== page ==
SWOSU Receives First Ever U.S. Patent
Southwestern Oklahoma State University in Weatherford recently obtained its first United States Patent, making it one of only four universities in Oklahoma that hold U.S. Patents.
The inventors named in the patent are SWOSU Department of Chemistry and Physics Chair and Bernhardt Professor of Chemistry Dr. Tim Hubin; former faculty member in SWOSU Pharmaceutical Sciences M. O. Faruk Khan; and collaborators Babu Tekwani at the University of Mississippi and Steve Archibald at the University in Hull (United Kingdom).
The patent includes the synthesis of a large class of novel macrocyclic compounds originating in the labs of Hubin and Archibald. These compounds contain multiple nitrogen atoms arranged in ring structures that are further structurally reinforced by additional carbon-chain bridges between nitrogen atoms. These structures allow extremely strong binding to transition metal ions like iron, copper, manganese and many others.
SWOSU Provost Dr. James South said the university enthusiastically supports the research efforts of its students and faculty and provides many opportunities for those involved in research. SWOSU has never had a U.S. Patent assigned to it since its founding in 1901.
SWOSU President Randy Beutler and South were in strong support of the patenting of this work. SWOSU’s Intellectual Property Committee and Office of Sponsored Programs approved and supported the patent process. Oklahoma City law firm Dunlap Codding were instrumental in navigating the patent application process, in particular Kathryn L. Hester, PhD, registered patent agent and risk manager and life sciences practice group leader.
Hubin said hundreds of related compounds, either with or without metal ions bound, were tested for the ability to inhibit growth of fungal pathogens, parasites like malaria and leishmania, and bacterial infections. The strongest effect was found to be against several fungal species that cause problematic and often deadly infections such as fungal meningitis, particularly in people with weakened immune systems. Additional strong effects were seen against the parasites that cause malaria, leishmania and schistosomiasis.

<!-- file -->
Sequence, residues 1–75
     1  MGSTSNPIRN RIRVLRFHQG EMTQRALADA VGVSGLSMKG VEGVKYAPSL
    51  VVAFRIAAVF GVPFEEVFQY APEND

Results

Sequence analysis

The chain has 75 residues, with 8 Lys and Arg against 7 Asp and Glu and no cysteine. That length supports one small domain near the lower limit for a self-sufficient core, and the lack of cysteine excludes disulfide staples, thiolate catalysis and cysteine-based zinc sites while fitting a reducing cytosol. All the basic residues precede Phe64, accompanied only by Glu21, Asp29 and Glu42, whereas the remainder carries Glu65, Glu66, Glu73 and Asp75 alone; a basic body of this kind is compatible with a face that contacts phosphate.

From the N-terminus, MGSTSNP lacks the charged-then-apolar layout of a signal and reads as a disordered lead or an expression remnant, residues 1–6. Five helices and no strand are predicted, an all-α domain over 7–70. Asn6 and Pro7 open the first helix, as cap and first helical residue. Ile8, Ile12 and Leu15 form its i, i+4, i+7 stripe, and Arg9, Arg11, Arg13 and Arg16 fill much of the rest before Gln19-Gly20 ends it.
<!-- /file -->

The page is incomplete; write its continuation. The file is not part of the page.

Currently, the U.S. Food and Drug Administration (FDA) has only approved four classes of antifungal drugs, and fungi have been quickly developing resistance to all four types of antifungal drugs. The most recently FDA-approved antifungal drug was approved in 2001, and no new ones have been approved in the past 20 years.
The March 1 issue of Chemistry and Engineering News, nearly coinciding with the February 23 grant of this patent by the U.S. Patent Office, points out the lack of antifungal medications and calls for the study of new antifungals. Hubin and his colleagues hope to find collaborators and to establish licensing agreements with companies interested in exploring their newly patented technologies.
Hubin has published over 50 peer reviewed journal articles and has seven other U.S. Patents from previous work at the University of Kansas and the California Institute of Technology (Caltech). He has received several statewide and national awards for his teaching and research, including the Oklahoma Foundation for Excellence Boren Outstanding Mentor, Oklahoma Medal for Excellence, Henry Dreyfus Teacher-Scholar Award, DaVinci Fellows Award, and SWOSU’s Bernhardt Academic Excellence Award.
The same team of inventors has a second patent pending on related work. Hubin and Archibald will soon be submitting at least two additional patent applications dealing with the uses of related compounds as medical imaging agents and cancer therapeutics.
The patent owned by SWOSU was initially filed in 2016, and after much time and effort put into the project by Drs. Hubin, Beutler and South, SWOSU now has its first ever U.S. Patent.
Other universities in Oklahoma that have patented ground-breaking scientific research include the University of Oklahoma, Oklahoma State University and the University of Central Oklahoma.